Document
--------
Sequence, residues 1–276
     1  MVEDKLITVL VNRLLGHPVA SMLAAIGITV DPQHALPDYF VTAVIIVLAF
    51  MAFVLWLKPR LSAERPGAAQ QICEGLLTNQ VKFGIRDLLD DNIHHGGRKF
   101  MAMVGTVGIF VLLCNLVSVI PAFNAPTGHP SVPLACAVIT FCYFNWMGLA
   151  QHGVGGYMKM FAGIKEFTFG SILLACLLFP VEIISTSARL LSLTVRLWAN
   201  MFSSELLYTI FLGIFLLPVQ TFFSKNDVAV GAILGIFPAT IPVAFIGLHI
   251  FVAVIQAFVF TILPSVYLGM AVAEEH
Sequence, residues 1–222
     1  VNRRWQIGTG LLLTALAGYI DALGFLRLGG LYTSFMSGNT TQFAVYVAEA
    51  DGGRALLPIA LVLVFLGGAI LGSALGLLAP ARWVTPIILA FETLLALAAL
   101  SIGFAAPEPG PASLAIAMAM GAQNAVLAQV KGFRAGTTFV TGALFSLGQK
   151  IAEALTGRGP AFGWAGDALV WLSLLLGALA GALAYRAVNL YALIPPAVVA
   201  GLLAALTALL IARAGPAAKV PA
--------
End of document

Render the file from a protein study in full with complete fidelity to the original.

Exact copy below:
Sequence, residues 1–276
     1  MVEDKLITVL VNRLLGHPVA SMLAAIGITV DPQHALPDYF VTAVIIVLAF
    51  MAFVLWLKPR LSAERPGAAQ QICEGLLTNQ VKFGIRDLLD DNIHHGGRKF
   101  MAMVGTVGIF VLLCNLVSVI PAFNAPTGHP SVPLACAVIT FCYFNWMGLA
   151  QHGVGGYMKM FAGIKEFTFG SILLACLLFP VEIISTSARL LSLTVRLWAN
   201  MFSSELLYTI FLGIFLLPVQ TFFSKNDVAV GAILGIFPAT IPVAFIGLHI
   251  FVAVIQAFVF TILPSVYLGM AVAEEH
Sequence, residues 1–222
     1  VNRRWQIGTG LLLTALAGYI DALGFLRLGG LYTSFMSGNT TQFAVYVAEA
    51  DGGRALLPIA LVLVFLGGAI LGSALGLLAP ARWVTPIILA FETLLALAAL
   101  SIGFAAPEPG PASLAIAMAM GAQNAVLAQV KGFRAGTTFV TGALFSLGQK
   151  IAEALTGRGP AFGWAGDALV WLSLLLGALA GALAYRAVNL YALIPPAVVA
   201  GLLAALTALL IARAGPAAKV PA